19. Anne on said:

      The third in the Martha series is a robust contribution. The story is rich, and the characters continue to develop, although Martha's brothers are sorely missed. Two minor plot lines seem to dangle at the end; the new characters of Miss Norrie, Miss Crow, and young MacDougal enrich the narrative, and the older characters of Cook and Auld Mary remain the bulwarks they have been.

    20. Mary-Jane on said:

      As Martha gets older, she needs a governess to teach her needlework, copying, and etiquette. She is relieved when her first governess is fired, then is pleasantly surprised with her new governess. Martha continues to develop interesting relationships with the servants and neighbours.

    21. Sadie on said:

      Continuing story of Martha. Very tender story as she learns to appreciate her family and her role as a laird's daughter. I have really enjoyed the Martha series and look forward to reading the next book.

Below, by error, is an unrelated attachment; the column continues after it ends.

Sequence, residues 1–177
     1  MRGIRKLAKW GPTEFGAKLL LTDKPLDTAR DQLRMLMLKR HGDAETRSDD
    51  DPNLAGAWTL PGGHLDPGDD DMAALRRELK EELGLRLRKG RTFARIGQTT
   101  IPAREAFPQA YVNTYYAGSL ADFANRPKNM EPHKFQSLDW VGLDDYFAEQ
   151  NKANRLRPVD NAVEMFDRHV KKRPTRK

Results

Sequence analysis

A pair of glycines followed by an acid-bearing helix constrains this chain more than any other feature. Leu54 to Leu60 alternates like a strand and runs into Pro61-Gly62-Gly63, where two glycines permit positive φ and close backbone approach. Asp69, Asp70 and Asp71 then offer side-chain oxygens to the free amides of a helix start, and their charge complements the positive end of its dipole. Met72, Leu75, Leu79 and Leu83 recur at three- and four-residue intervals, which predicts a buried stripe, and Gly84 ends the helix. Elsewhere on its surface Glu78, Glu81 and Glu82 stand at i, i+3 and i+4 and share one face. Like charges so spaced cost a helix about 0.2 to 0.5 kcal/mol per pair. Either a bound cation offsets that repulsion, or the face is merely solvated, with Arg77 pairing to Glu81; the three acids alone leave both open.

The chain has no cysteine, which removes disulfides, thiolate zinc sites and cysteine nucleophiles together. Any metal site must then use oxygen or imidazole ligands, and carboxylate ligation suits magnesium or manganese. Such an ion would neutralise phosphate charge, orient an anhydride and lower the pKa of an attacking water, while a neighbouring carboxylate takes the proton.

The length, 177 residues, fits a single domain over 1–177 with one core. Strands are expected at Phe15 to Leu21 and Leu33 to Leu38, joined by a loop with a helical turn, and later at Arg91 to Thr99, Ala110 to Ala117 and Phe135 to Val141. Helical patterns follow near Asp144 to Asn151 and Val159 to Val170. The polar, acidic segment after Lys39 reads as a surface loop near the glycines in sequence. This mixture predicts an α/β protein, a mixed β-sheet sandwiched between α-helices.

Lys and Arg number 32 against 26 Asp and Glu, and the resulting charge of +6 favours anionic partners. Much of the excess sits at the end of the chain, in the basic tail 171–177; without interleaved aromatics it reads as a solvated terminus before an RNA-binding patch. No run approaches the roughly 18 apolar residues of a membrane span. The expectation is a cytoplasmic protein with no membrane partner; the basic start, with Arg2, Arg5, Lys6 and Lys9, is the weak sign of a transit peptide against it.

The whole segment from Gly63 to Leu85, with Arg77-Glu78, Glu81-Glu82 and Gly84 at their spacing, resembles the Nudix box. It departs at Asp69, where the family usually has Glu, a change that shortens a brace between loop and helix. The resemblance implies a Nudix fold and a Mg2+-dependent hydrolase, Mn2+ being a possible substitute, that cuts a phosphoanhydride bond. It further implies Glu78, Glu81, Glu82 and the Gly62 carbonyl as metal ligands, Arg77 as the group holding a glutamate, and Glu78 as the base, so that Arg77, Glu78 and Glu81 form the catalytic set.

22. Renae Deckard on said:

      Scottish history and legends are woven into this touching tale of Martha Morse, Laura Ingalls Wilder's great grandmother.

    23. Sarra Martin on said:

      When I first read this story (age 6) I was entirely confused by the dialect. But when I picked it up again at about age 10, I really enjoyed it.

    24. Taylor on said:

      Loved it, but does anyone know why these books are so expensive?